Kali Protectives have been quite generous with the ventilation on the Interceptor, sporting a cool 24 vents! Even during the heatwaves we were experiencing in Australia, my head felt quite comfortably cooled, which often ends up being the deciding factor when choosing my helmets. Being marketed at Trail and Enduro riders, keeping the heat down while still offering the necessary protection was paramount.















                                                                                                                                                                                                    The Exhaust vents at the rear

The Kali Protectives Interceptor comes with the required CPSC 1203 and CE EN 1078 ratings for the US and European markets. I reached out to the Kali Protectives team to try and find out if they were also pursuing the AS/NZS 2063:2008, as this is a requirement for racing in Australia under the MTBA, and have received word that while it is rated under that standard, it isn’t packed as that yet while they are looking for an Australian Distributor. I will edit this article in future if I receive any updates on this.

The Interceptor also comes with a breakaway action camera/light mount, which is a fantastic idea! Integrating these into the helmets means there are possibly less issues later on, especially if you have an Over the Bars moment and land on the camera or light! It’s extremely easy to attach, clipping to a designated portion of the helmet, and being held in place by a rubber O-Ring. This prevents it from shaking itself loose while riding down the trails, and does a great job of reducing vibration that normally comes from clip on additions. You can definitely feel the weight on your head though, as my Garmin Ultra 30 weighs around 160g with the waterproof case. It is positioned relatively centred on your head however, so the weight isn’t focused on one particular point of your head.

Usually with things like helmets, there is a trade-off between aesthetics, comfortability, function, and protection. With a helmet like the Interceptor, you can imagine that both Protection and Function are high on the list, comfortability coming in around the middle, and aesthetics receiving a bare minimum of attention. In this case however, it’s a full spread! It looks great, both on and off the head, and is extremely comfortable to wear for long periods! I’ve had multiple sessions of 3+ hour long rides without any of the usual niggly complaints, and with so many vents to choose from, the inevitable head itch is reachable without much issue. As you can see from the pictures, even a bearded buffoon like myself can be seen out in public with the Interceptor on my head!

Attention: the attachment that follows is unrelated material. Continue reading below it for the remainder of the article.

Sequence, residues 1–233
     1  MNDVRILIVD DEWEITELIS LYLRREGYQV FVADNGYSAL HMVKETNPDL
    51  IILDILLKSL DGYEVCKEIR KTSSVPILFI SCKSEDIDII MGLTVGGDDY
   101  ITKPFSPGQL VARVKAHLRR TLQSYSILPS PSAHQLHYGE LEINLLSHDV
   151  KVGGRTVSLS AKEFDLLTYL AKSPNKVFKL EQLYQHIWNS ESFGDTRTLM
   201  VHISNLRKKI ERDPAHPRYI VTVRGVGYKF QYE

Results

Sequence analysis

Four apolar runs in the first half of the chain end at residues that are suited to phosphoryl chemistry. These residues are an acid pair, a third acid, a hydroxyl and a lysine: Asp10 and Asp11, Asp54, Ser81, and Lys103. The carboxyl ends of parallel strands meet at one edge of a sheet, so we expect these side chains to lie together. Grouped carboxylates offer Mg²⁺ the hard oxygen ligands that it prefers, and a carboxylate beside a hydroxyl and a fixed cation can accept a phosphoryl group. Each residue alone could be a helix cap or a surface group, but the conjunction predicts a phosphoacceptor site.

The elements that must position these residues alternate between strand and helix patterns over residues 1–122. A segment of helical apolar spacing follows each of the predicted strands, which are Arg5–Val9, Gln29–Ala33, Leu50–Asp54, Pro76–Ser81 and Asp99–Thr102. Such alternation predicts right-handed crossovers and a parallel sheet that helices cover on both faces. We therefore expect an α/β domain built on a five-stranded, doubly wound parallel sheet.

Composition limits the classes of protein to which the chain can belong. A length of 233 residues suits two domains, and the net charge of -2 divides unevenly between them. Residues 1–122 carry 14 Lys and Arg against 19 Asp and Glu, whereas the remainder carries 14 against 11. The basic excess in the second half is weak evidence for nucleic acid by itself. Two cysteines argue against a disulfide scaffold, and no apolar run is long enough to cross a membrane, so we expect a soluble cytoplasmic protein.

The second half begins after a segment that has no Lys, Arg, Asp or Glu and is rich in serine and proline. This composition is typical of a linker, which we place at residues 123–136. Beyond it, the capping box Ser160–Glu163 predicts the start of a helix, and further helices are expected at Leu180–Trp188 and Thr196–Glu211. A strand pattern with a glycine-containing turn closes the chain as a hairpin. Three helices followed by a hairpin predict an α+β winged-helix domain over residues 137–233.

Some Freeride action with the Interceptor firmly in place!

Overall, there was very little I could find fault with. Aside from the integrated mount (which could be an issue with the sample I received) and the leftover strap swinging in the breeze, I rate this very highly! It has become my go to helmet when leaving the house for some Enduro/Trail work, and has even become my helmet of choice when commuting. I highly recommend this as a purchase consideration, and send my infinite thanks out to the team at Kali Protectives for giving me the chance to review it! Thumbs up guys!

Kali Protectives InterceptorHelmet review

Written by Jon Willis, AKA Mtn_Bike_Geek